James Madison Papers

To James Madison from Thomas Griffin, 19 November 1804 (Abstract)

§ From Thomas Griffin1

19 November 1804, Chamber of the House of Representatives. “Thos. Griffin presents respects to Mr. Madison.

“Particular and pressing circumstances requiring it, an application was made to the department of war, for a copy of the return made by General Greene of the strength of his army, and of his loss on the 8th. of Septr. at the battle of Eutaw.2 The files of the War department not furnishing the desired return, and T. Griffin not knowing what division was made of the old papers, when the New Government was adopted and organised, requests of Mr. Madison, he will be pleased to order a copy of aforesaid return (should the papers in the Department of State furnish it) to be sent him as soon as Convenient. T. G. hopes no difficulty can arise in the grant of the request now made.”3

RC (DNA: RG 59, ML). 1 p.

1Representative Thomas Griffin (1773–1837) of Yorktown, Virginia, served one term in Congress and several terms in the Virginia House of Delegates, was a state judge for a number of years, and was an infantry major in the War of 1812.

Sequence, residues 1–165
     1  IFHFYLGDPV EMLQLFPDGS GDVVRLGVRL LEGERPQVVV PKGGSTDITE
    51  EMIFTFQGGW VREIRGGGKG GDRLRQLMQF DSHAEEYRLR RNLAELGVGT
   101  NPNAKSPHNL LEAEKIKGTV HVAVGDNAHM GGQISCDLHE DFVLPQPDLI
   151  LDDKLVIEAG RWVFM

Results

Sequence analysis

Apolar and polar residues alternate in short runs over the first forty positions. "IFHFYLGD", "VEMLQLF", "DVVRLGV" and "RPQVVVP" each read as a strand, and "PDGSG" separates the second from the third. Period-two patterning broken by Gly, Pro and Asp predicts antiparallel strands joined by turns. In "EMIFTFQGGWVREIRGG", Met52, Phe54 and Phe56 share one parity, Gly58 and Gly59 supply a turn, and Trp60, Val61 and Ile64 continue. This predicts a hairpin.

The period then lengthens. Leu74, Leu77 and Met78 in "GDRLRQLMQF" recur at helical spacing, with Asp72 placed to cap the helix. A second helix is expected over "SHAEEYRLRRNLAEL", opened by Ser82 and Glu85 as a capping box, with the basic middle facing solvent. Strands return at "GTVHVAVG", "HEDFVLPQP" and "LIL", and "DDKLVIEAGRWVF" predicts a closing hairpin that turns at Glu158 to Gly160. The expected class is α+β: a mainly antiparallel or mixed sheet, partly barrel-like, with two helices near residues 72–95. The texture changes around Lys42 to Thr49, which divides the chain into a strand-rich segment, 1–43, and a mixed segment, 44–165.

2The 8 Sept. 1781 battle of Eutaw Springs, South Carolina, in which the American casualties were 138 killed and 375 wounded, was claimed as a victory by both the Americans and the British (Howard H. Peckham, ed., The Toll of Independence: Engagements and Battle Casualties of the American Revolution [Chicago, 1974], 90; Showman et al., Papers of General Nathanael Greene, 9:xiii–xiv). For a description of the battle, see ibid., 9:328–33.

3On 21 Nov. JM replied to Griffin, enclosing “a copy [not found] of the killed, wounded and missing of Genl. Green’s army in the action of Eutaw” and adding that Greene’s correspondence “does not furnish the force of his army, except by naming the different corps previously to the action; and though it is not certain that the papers lodged in the Department of State do not contain it, the shortness of the time has not enabled the Gentleman, who made the search, to find it even if it should be there” (1 p.; DNA: RG 59, DL, vol. 14).

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